In retrospect, it was the first word that meant the most: World Wide Web, the idea that we could connect pretty much everyone, pretty much everywhere, at pretty much any time, to a singular global network that would allow the instantaneous, free flow of information and ideas—first among them, democracy itself.
Great idea in theory. In practice, less so. Today, government and business-sponsored shutdowns, site-blocking, disruptions, throttling, blackouts, and disconnections stand to make the web less worldly. From the so-called Great Firewall of China to service providers throttling download speeds to Russia’s recent attempt to permanently log itself out of Facebook, Twitter, and other social media, the free, open, and globally accessible World Wide Web isn’t exactly living up to its name.
But the idea isn’t going down without a fight. A new generation of activists, ethical hackers, and entrepreneurs are working to ensure access is never cut off. Serial entrepreneur Elon Musk’s Starlink “constellation” of some 2,000 small, low-orbiting satellites offers internet coverage pretty much anywhere, including in countries dead set against such coverage. Such service comes at a fairly hefty price ($90/month), but if it offers a way to counter the official party line of the juntas and strongmen, it’s a price worth paying.
Over in the app store, virtual private networks (VPNs), which disguise a user’s location, have become some of the hottest downloads for both Android and Apple mobile phones. Many have been created by “hacktivists” and internet libertarians—although the Open Technolgoy Fund, which is financed by the U.S. government, supports free apps. Meanwhile, nonprofit Access Now is working to defend and extend “digital rights,” starting pressure campaigns against internet shutdowns, maintaining an always-on digital security technical support helpline to assist at-risk activists around the world, and providing TOR network exit nodes to help journalists, human rights groups, and others to hide their online tracks and stay ahead of the cybercensors.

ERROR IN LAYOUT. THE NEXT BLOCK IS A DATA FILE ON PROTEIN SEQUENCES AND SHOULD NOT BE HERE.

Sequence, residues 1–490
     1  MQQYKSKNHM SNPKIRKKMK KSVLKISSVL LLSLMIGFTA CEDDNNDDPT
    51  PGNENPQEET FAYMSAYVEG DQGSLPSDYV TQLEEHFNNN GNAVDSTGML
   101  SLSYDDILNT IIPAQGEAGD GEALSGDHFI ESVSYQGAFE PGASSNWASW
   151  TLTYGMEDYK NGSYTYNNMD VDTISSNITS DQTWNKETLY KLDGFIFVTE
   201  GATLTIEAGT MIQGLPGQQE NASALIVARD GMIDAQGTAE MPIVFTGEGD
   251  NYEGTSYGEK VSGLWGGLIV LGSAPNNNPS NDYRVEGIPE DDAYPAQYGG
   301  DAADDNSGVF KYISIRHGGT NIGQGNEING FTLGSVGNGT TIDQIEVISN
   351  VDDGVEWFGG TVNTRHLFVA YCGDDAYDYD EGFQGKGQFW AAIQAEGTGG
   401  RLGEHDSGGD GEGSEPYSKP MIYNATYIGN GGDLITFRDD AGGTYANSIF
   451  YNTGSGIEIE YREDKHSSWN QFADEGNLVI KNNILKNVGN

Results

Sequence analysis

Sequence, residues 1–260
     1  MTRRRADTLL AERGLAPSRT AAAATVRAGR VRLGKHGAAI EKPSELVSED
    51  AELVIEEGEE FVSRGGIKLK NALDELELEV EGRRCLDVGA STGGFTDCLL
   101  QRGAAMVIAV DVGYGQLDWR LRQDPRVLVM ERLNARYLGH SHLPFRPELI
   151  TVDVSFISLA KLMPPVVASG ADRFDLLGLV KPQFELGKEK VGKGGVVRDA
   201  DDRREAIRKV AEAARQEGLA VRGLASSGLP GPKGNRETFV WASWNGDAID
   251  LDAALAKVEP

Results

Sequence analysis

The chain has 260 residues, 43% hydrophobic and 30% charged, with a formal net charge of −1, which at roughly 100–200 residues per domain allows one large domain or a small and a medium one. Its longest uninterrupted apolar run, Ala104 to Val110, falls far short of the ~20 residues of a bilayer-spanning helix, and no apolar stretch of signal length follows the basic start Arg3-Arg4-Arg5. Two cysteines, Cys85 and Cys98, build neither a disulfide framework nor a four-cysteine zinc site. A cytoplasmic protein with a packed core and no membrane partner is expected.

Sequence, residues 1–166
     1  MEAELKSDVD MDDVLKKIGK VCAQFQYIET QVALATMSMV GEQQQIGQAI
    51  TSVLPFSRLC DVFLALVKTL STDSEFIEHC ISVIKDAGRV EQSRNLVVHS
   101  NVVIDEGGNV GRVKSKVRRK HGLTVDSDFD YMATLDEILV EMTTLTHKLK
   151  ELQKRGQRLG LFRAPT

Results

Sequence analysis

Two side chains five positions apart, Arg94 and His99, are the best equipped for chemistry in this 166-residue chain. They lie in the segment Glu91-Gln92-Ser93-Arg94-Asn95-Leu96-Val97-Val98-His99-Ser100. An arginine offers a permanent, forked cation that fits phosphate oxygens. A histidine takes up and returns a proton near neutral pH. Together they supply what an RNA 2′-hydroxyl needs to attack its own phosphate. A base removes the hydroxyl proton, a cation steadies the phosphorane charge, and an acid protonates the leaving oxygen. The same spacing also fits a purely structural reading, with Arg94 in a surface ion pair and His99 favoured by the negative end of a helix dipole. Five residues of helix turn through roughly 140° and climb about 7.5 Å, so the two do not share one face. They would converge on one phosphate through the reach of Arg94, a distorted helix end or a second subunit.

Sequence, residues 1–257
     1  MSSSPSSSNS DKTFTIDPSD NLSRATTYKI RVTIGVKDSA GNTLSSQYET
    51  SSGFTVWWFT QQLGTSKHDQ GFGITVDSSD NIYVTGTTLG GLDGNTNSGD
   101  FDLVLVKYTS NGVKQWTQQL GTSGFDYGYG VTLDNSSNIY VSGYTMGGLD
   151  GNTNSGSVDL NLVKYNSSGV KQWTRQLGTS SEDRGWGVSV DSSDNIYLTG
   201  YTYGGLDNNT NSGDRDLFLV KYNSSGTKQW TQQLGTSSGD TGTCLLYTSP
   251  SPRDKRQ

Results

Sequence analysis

Before the election is stolen, before the oligopolies charge us more, before the tanks roll down the street, the digital offensive begins, softening up dissenting positions with propaganda, disinformation, and deepfakes. If we hope to win the battle for hearts and minds, we’ll need to understand information for what it is: a battlefield where either the price of failure or the prize of victory is not simply the World Wide Web, but the world entire.